Delicious. Only, my wife and I finished eating close to 9 p.m.—at which point I devolved into a coma.

I know I’m wasting time and money. I need help. I need a plan.

So I turned to a few experts: KJ Dell’Antonia, who as the lead writer at the New York Times Motherlode blog has written on her successes and failures of cooking for a family, my friend Cara Eisenpress whose cookbook and blog BigGirlsSmallKitchen.com document dinner prep in a diminutive Brooklyn apartment, and Phyllis Grant, a former pastry chef whose blog DashandBella.com chronicles meals made with her kids.

The Game Plan

“Obviously I’m a big fan of planning,” says Dell’Antonia. “There’s nothing like realizing that it’s 4 pm and you’ll have to make dinner again tonight—but not only do you know what it is already, but you’ve got all the ingredients and maybe some prep work done. Saves my life every time.”

But what type of plan is best for a busy working parent like me?

Cara told me to forget about specific recipes and think more broadly.

“When planning, think in terms of formats,” she says. “Pasta, hearty soups, stir fries, roasted cut-up chicken, and eggs are all classes of weeknight dinner that are so simple to vary.”

In other words, rather than shopping for a pasta dish on Monday (like Lemon Fettuccine with Bacon and Chives) and then returning to the store on Tuesday in search of ingredients for for another (say Orecchiette Carbonara with Scallions and Sun-dried Tomatoes), plan on whipping up two pasta dishes and a chicken entrée over the next few days and then map out recipes from there. That way you’ll buy overlapping ingredients.

At the same time, though, be mindful of planning too far ahead, says Cara.

“Don’t shop for the seven nights’ worth of formats—you’ll waste food and money if something comes up,” she advised. “Better to plan out fewer and then grab a few miscellaneous staples that could turn into dinner as needed, like extra onions (caramelized onion grilled cheese), a box of spinach (lentil soup with spinach), or some bacon (breakfast for dinner).”

Grant even suggests preparing more than one night’s worth of a neutral protein like chicken, which she notes “can be a life saver, You won’t get sick of it because you can dress it up with some many different flavors and techniques.”

Most importantly, Cara said, make sure you have a stocked pantry—including olive oil, vinegar, mustard, salt, rice, pasta and cheddar, among others—to augment whatever recipes you’ve chosen.

The Defense Formation

After you’ve figured out the formats and recipes you’re interested in for the next couple of days, it’s time to actually buy the food.

But the grocery store is like a casino: The thing is designed to have you spend more time shuffling along the aisles so that you look at more food. They even mess with the music (see #19 here).

If you’re not careful, you’ll arrive home with a beautiful jar of jam that will sit in your fridge for the next six months. (Guilty!)

That’s why Dell’Antonia recommends shopping with a list, “and not buying anything that’s not on it,” says. “Ridiculously, I save money by sending my babysitter to the grocery store when I can. Her time costs me less than I’d spend in ‘Oh, look! Halloween Oreos!'”

Also, look for items that will make your cooking life easier, says Cara. “Don’t shy away from shortcut ingredients. Find brands of tomato sauce, salsa, stock, pre-washed spinach, ravioli, etc. that you like: each of those gets you a third of the way to dinner. There are some vegetables I think of as shortcuts too because they require so little prep: a potato you can rinse and then bake, and my go-to, fennel, where you just remove the outer skin, quarter what’s left, and roast to get a super simple serving of vegetables.”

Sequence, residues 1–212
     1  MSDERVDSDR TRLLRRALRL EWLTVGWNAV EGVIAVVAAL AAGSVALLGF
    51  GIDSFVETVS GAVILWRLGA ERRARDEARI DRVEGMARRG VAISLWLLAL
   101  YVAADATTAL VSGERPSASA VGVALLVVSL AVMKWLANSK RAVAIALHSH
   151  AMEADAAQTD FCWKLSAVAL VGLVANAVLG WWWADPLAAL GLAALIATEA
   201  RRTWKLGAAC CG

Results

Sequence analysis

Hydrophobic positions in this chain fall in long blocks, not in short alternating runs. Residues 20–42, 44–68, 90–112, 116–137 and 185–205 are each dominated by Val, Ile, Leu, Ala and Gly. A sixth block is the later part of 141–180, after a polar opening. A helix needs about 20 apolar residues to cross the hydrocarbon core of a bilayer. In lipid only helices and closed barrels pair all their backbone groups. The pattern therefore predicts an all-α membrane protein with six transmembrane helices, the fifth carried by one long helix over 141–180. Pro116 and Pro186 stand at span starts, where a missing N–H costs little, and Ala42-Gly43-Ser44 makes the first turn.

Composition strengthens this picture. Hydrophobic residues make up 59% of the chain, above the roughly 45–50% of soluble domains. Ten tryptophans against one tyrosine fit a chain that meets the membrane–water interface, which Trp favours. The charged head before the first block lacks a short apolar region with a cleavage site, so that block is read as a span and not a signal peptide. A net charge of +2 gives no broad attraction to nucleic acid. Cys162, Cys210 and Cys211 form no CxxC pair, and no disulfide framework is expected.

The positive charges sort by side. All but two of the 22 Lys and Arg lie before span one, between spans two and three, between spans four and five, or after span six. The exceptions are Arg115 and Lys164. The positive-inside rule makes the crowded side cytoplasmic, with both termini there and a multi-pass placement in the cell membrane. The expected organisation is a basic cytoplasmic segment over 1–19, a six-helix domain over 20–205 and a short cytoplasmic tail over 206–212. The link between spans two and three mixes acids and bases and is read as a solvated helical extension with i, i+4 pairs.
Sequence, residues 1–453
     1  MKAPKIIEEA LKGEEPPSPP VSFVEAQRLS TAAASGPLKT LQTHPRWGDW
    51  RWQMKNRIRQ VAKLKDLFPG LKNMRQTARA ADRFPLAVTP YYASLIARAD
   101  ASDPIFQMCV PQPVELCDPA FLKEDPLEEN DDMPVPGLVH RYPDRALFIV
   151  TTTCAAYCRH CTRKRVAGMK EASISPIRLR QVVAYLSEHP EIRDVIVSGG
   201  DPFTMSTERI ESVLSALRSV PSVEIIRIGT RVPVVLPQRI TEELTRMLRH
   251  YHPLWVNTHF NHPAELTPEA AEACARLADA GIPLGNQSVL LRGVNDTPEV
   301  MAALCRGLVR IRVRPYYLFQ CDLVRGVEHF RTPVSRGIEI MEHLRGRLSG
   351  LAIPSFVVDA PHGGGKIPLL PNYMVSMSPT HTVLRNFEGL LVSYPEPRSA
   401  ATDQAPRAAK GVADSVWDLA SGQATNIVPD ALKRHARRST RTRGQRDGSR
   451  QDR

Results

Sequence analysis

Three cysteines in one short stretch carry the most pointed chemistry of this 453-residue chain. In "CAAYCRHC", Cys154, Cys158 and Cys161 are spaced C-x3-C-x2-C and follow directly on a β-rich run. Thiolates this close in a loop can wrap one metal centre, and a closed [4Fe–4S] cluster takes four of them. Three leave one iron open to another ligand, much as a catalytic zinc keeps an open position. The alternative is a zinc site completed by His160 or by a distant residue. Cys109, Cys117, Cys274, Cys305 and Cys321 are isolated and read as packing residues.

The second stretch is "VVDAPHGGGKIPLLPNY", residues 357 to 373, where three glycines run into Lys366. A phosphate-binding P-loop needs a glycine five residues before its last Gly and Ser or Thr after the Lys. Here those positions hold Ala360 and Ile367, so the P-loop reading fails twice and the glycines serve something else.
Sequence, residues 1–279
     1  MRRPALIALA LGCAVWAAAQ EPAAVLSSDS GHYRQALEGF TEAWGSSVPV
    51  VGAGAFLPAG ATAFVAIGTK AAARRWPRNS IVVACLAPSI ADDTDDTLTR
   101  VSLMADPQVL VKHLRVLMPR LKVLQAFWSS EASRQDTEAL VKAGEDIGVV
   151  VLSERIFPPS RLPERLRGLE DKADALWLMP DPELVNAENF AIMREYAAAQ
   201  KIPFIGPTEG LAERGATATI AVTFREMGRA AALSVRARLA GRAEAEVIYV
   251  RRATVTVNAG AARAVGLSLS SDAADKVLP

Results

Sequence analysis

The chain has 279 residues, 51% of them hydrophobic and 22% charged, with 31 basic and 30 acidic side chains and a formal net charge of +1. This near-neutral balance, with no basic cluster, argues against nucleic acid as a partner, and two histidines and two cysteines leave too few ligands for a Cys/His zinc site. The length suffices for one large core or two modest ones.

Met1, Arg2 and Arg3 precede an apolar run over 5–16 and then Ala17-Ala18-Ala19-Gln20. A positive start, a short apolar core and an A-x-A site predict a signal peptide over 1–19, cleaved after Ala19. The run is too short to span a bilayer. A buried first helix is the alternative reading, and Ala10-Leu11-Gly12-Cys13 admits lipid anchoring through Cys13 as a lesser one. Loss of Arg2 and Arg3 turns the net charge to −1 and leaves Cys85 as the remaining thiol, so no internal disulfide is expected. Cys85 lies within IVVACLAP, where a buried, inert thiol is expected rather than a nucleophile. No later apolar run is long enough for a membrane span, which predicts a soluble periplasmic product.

Kickoff!

Time to practice my new strategy.

I replenished up my pantry—I was a little low on olive oil and pepper—and decided to prepare Chicken with Figs and Grapes from Grant’s blog. I even bought a little extra chicken and stock for some soup later in the week (guess I was in a chicken format mood.)

Her recipe calls for about a dozen different ingredients, but since my pantry is already full, I only need to pick up the chicken, anchovies, figs and grapes.

I’m in and out of my local grocery store in five minutes (without jam!) and before long my kitchen is humming right along.

The dish is relatively easy to prepare and after a little less than 30 minutes in the oven, my wife and I have a meal for tonight and tomorrow. I arrived home by 7:15pm and we finished eating around an hour later, about 45 minutes quicker than normal and nearly a Tepper weekday record.

Our stomachs were full, the kitchen relatively clean and my brain didn’t wither like a raisin during the process.

A sense of peace had been restored in my life.

Adulthood can be difficult—after a long day of work, it often just feels easier to order a delicious Korean BBQ kimchi burrito than expending the time and effort to put together a meal. So sometimes the Teppers do just that.

But as Cara says, “Cooking at home is one of the best parts of being a grown-up. You get to eat exactly what you want when you want it. So, if you like to eat, you like not spending all your money, and you like putting relatively healthful food in your body, you should probably learn to cook.”

And if you’re going to do it, plan ahead.

Taylor Tepper is a reporter at Money. His column on being a new dad, a millennial, and (pretty) broke appears weekly. More First-Time Dad:

TIME health

Six Months After Our Wedding, My Husband Was Diagnosed With Cancer

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I'd promised 'in sickness and in health'—but I didn't expect the sickness part to come quite so soon

xojane

This story originally appeared on xoJane.com.

The wedding was beautiful. It was winter in Oregon, but we’d miraculously discovered a reception site where you could see green out the windows (apparently in Oregon there are two options for wedding receptions: outside or windowless dungeon).